The Brits did the same thing in WWII when they replaced the .455 Webley with a .380. It was underpowered and insufficient for real combat.

    In peacetime the bean counters always go for the lightweight underpowered guns, then they load a soldier down with 100 pounds of crap equipment. Just follow a soldier after he’s been in combat for two weeks and he will have what works on him. The rest of the crap will be abandoned.

    B.B.

    B.B.


  6. thanks for the advice B.B., ill try that. if i own a patriot would you recommend searching online for the locktite in heavy strenth, or should i just buy the medium strenght that pyramyd offers?


  7. B.B is right, rifling has been tested quite thouroghly by many organizations, but since we keep developing more and better ammunition, we still have more to learn. And to help with your question Mr. Lama, a very fast rifling in an air rifle merely leads to partial destruction of the skirt, which of course where most of the accuracy of the pellet comes from. In firearms it leads to desruction of the bullet almost at the muzzle, but air rifles do not acheive the same velocity so mangling the skirt is all we have to worry about. Gain-twist rifling can get a very fast spin in a short barrel without extreme deformation and could get an extreme spin rate in an air rifle barrel, but I doubt it would contribute anything as the spin woud do less to accuracy than the shape of the skirt because of the size of the pellet, shape, I could go on.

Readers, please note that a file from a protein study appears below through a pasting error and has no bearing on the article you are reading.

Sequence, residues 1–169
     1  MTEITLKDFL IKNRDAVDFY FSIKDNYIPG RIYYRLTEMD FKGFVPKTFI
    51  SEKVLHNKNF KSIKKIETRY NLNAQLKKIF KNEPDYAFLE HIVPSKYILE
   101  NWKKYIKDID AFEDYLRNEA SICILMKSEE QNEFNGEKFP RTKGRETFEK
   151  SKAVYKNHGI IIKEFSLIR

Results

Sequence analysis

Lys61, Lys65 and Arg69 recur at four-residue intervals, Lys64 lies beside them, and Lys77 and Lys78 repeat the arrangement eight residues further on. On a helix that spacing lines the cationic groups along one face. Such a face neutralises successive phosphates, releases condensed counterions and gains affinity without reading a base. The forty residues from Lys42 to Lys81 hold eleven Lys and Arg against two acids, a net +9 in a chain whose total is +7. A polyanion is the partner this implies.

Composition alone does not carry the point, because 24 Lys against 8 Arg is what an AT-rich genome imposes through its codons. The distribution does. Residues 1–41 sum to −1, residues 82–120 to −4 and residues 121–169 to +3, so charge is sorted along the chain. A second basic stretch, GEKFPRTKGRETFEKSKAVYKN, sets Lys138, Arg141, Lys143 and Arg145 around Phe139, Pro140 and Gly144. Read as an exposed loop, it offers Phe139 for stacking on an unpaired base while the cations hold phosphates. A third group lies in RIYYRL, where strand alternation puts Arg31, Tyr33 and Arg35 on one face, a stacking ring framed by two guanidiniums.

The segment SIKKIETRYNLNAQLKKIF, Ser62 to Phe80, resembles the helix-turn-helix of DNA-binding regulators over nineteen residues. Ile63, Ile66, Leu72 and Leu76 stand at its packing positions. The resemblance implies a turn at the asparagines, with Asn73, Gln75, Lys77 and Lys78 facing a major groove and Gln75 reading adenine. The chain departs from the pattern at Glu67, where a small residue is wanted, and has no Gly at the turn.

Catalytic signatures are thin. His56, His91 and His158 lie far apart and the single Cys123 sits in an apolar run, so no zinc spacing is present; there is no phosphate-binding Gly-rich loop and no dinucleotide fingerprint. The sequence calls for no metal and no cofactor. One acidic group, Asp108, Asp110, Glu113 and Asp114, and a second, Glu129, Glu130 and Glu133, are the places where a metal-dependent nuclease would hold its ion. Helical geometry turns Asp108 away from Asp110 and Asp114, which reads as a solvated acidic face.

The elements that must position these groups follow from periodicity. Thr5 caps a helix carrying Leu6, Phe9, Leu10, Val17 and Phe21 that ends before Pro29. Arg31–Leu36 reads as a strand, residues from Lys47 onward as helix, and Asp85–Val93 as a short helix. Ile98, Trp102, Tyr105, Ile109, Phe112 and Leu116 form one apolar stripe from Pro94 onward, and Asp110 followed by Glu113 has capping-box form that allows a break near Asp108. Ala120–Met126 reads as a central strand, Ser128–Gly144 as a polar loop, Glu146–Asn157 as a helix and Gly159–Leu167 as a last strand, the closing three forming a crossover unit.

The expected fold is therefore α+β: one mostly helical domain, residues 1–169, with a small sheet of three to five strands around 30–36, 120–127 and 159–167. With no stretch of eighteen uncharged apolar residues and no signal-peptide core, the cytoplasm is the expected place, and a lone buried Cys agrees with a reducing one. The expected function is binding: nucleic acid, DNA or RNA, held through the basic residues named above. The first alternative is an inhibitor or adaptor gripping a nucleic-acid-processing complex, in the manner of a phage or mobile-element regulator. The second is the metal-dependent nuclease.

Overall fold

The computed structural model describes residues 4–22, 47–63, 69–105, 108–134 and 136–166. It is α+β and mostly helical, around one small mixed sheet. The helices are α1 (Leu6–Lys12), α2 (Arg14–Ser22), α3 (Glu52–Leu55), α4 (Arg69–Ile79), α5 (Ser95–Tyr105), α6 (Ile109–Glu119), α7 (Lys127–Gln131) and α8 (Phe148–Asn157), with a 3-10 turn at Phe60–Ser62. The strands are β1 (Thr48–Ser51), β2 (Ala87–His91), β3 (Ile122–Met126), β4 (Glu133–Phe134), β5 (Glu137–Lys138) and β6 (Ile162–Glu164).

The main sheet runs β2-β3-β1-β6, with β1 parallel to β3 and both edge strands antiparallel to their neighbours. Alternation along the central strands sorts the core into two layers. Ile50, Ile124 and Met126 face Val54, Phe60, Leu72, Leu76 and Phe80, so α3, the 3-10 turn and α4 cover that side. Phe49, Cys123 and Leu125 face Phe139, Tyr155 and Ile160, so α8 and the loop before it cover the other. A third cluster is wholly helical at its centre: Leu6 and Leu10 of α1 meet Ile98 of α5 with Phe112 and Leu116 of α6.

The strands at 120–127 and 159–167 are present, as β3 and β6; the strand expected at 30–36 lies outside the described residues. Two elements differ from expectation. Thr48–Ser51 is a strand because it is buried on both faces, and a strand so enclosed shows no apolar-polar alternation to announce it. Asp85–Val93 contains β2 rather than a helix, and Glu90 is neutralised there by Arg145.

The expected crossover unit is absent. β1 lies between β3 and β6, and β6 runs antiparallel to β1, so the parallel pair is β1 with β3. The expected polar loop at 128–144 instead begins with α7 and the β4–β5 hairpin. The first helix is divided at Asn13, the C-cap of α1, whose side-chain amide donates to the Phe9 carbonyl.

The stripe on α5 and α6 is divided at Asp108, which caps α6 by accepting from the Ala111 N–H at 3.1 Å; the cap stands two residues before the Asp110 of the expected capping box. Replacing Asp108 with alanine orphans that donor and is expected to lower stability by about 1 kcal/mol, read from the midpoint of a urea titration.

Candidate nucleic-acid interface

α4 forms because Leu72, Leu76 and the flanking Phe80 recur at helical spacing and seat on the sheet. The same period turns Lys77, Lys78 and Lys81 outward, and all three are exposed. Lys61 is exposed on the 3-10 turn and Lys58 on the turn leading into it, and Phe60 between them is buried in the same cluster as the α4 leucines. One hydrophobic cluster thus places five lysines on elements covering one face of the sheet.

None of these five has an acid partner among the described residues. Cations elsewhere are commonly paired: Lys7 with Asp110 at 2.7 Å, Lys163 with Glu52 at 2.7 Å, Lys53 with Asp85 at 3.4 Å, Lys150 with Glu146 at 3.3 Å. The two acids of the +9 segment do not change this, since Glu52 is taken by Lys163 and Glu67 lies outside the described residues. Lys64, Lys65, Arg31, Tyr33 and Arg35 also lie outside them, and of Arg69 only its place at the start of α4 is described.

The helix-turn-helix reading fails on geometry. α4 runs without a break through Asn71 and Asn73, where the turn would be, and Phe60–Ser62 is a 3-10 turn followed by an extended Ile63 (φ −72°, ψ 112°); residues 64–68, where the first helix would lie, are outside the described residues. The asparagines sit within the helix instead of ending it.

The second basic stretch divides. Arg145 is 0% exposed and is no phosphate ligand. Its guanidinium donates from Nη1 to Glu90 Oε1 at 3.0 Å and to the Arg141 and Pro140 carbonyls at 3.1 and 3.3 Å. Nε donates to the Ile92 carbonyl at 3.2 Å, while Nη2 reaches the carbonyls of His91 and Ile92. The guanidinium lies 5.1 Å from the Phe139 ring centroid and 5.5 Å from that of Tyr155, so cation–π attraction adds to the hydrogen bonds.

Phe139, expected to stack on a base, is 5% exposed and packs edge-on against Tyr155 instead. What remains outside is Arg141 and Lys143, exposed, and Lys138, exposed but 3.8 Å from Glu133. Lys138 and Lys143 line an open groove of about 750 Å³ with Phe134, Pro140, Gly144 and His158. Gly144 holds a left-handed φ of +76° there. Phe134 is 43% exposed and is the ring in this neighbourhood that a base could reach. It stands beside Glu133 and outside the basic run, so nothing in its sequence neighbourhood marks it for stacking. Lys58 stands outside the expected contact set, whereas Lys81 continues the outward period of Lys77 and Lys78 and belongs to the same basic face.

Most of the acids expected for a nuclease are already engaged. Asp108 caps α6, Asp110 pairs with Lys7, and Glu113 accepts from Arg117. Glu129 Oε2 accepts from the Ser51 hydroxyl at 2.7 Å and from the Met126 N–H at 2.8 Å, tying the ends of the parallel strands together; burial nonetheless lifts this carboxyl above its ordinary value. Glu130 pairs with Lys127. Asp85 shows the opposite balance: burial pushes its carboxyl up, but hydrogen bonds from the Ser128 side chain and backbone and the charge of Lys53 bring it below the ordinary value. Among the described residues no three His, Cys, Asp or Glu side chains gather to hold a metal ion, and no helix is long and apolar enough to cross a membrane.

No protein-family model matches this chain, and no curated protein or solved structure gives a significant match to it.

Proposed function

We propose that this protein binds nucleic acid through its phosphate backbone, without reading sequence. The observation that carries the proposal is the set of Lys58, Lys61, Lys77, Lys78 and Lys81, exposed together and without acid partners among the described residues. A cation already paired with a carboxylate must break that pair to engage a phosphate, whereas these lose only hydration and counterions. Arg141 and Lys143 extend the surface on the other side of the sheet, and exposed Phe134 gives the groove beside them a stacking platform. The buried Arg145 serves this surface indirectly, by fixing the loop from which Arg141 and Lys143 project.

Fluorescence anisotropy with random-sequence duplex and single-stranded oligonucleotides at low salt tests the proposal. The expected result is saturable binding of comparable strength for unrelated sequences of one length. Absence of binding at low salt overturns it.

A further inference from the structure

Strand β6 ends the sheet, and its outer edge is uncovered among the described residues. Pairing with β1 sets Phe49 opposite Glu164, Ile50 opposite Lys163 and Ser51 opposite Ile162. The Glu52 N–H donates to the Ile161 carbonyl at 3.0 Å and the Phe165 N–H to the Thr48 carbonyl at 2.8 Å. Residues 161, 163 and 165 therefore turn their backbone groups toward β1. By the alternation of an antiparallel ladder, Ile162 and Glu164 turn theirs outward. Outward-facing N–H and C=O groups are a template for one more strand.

As always, an impressive blog, B.B., thanks.

    Mr. Watch


  8. bb, i remember reading about your experiences with the 631. i remember that gun having microgrooves (i would presume, from the _tiny_lands and grooves)